Seacore Grows Business with VAI on IBM i
September 11, 2012 Alex Woodie
Seacore Seafood, a Canadian wholesale distributor and retailer of fresh and frozen seafood, attributes the recent improvement in sales and business operations to its implementation of VAI‘s IBM i-based ERP software, which replaced largely manual, error-prone processes.
Seacore Seafood started out 22 years ago with a small building, one truck, and half a dozen employees, who fulfilled wholesale orders for a variety of fresh and frozen fish and live lobsters. Since then, it has grown considerably, and now employees more than 100 workers and runs a dozen trucks out of its 75,000 square foot distribution center in the Toronto suburb of Vaughan, Ontario.
About five years ago, Seacore implemented S2K, the RPG-based application developed by Ronkonkoma, New York-based VAI. The new software gave Seacore a much-needed bump in automation in the areas of inventory management, accounting, route management, order entry, logistics, and retail point-of-sale, according to Seacore controller Massimo Prevedel.
“A lot of processes were done manually with paper [before implementing S2K]. It was a very tedious system,” Prevedel says in a video testimonial on the VAI website. “A lot of things weren’t updated on time so we never had an accurate view of what our inventory was. In order to grow, and be more efficient, we needed to make a change. We wanted something that incorporated our retail and wholesale and S2K was the greatest choice.”
Since the implementation, Seacore has realized real business benefits. For example, delivery times were reduced thanks to a 50 percent improvement in the time it took to generate truck routes and a 40 percent reduction in picking times, both of which can be attributed to S2K. Seacore also reports that 85 percent of its account receivables are current, which is a good number for the food industry.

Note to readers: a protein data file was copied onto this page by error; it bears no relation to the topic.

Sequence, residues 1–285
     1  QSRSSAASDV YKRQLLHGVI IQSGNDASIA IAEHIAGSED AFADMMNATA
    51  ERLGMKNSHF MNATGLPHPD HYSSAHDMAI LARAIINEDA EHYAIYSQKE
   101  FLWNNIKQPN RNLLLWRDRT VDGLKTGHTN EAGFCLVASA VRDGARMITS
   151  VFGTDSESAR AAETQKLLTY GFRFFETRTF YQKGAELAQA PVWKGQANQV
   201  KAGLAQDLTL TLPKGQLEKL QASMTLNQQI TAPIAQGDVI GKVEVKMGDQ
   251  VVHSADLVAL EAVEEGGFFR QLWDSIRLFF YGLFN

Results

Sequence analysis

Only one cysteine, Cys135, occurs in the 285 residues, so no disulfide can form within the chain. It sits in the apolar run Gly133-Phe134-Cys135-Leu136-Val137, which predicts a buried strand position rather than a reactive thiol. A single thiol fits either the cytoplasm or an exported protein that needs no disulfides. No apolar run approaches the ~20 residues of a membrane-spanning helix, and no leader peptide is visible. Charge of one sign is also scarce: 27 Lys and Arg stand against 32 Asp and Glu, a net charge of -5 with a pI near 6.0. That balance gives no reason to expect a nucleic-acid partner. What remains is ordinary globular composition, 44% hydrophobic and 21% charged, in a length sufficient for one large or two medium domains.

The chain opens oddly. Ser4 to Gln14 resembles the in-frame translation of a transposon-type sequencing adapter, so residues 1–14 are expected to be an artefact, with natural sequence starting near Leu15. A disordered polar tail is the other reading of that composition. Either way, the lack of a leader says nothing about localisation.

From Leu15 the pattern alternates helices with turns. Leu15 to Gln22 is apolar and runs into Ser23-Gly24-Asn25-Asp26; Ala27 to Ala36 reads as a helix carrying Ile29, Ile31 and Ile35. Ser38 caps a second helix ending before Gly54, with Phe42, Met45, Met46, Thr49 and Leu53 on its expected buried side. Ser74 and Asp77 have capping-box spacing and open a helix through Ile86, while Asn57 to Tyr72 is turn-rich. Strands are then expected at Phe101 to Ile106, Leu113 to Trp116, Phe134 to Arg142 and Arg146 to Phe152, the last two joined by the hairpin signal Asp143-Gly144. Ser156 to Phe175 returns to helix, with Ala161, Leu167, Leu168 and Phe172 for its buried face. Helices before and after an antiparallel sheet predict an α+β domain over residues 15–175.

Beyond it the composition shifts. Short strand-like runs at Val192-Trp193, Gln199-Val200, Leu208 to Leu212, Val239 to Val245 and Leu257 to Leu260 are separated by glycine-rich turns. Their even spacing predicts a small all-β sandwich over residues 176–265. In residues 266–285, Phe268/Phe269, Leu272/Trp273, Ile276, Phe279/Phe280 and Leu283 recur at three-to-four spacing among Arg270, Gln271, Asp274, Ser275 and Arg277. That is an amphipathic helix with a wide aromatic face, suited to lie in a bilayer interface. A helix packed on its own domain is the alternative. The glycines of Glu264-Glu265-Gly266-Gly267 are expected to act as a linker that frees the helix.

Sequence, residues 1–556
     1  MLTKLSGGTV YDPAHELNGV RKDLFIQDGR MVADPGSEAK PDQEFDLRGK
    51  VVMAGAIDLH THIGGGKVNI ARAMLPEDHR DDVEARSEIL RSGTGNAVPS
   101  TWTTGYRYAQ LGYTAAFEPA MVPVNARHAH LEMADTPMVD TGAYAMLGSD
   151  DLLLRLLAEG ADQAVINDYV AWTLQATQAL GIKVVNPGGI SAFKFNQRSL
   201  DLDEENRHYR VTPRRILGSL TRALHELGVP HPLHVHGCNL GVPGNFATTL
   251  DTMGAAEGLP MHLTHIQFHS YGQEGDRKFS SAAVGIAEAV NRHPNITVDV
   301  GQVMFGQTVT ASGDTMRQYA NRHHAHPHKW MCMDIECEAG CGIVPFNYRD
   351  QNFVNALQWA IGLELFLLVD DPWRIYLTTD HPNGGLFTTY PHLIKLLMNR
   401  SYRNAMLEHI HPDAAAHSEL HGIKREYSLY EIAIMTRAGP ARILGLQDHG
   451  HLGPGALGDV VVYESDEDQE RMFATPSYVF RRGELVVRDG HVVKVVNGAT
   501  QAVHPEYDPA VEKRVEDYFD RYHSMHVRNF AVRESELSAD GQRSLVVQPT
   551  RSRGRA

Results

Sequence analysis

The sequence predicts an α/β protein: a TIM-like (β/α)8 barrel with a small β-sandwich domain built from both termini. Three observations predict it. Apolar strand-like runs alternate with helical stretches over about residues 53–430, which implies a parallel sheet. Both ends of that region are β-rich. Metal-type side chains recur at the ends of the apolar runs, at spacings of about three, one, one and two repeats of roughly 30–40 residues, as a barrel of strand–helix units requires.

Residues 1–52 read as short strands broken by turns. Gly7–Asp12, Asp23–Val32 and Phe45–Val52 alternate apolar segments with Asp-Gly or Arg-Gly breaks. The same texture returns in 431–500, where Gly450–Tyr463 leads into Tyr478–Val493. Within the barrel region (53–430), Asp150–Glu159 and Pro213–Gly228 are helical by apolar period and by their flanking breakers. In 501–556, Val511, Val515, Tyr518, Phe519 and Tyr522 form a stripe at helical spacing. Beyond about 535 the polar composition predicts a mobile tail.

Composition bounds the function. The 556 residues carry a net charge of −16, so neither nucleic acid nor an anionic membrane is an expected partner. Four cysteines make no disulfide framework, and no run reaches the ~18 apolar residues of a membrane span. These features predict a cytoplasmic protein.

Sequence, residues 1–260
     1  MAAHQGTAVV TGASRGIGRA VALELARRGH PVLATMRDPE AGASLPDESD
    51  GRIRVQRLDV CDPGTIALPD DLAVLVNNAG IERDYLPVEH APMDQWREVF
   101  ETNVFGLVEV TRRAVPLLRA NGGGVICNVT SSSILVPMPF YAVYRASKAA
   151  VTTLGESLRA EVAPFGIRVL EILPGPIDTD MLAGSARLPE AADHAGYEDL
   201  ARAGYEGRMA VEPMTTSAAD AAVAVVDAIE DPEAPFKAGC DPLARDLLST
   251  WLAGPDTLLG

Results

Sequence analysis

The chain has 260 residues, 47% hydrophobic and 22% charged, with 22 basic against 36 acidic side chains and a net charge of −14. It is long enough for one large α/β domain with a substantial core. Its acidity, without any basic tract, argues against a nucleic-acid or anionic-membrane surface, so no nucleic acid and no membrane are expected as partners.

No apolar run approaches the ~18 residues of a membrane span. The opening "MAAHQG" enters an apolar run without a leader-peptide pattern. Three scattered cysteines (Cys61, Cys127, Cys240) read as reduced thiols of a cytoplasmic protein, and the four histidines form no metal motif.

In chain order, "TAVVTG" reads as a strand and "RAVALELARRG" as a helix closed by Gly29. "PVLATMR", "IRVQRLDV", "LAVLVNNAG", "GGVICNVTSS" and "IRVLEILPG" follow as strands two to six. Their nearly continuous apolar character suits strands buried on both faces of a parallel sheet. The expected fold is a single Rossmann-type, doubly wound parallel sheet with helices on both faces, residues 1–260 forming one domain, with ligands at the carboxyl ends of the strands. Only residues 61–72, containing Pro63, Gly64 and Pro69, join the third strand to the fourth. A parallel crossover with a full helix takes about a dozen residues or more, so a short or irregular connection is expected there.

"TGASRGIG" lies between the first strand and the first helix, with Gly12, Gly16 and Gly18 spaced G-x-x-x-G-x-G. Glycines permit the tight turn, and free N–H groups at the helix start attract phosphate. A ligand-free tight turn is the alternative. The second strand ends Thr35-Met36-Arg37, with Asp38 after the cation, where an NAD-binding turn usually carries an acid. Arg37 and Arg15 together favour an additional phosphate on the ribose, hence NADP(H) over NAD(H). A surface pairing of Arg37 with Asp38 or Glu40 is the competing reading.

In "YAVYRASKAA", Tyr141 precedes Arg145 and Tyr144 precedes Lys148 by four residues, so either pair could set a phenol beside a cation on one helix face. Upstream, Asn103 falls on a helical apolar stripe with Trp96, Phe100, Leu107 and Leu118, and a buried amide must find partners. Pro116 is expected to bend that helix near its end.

Prior to S2K, Seacore had separate systems to track its wholesale and retail divisions (it operates a store out of its DC). This meant there was a lack of visibility into how retail sales were affecting inventory available to its wholesale customers. With S2K, all transactions hit the same DB2/400 database, which eliminates potential conflicts between divisions.
Putting more information into the hands of employees makes the business more efficient, says Sal Battaglia, Seacore director of operations. “When you’re processing over 200 business orders that are all just-in-time–90 percent of our orders are just-in-time within a 12-hour timeframe–having all the information at our fingertips to see what a customer specifically buys and wants, that’s one thing that S2K allows us to do a whole lot better and more efficiently and effectively,” he says in the video testimonial.
The technological improvements have translated into business improvements at Seacore, Battaglia says. “We’re forcing a lot more expansion in business operations,” he says. “We’ve been able to see that in recent sales in the last year and it’s is a direct result of the technology. [The S2K implementation is] allowing us to better maintain our customers and go out and get new customers as well.”